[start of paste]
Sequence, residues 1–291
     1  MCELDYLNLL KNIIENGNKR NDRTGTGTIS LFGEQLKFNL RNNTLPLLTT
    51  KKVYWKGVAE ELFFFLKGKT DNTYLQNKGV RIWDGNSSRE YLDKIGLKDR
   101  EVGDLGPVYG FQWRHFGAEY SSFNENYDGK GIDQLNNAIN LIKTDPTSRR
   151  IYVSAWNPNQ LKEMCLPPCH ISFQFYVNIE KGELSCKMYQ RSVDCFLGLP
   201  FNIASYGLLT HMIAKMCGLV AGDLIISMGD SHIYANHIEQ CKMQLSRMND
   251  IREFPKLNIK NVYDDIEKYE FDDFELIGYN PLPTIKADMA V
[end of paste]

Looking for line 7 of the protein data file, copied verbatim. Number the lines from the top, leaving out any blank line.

   251  IREFPKLNIK NVYDDIEKYE FDDFELIGYN PLPTIKADMA V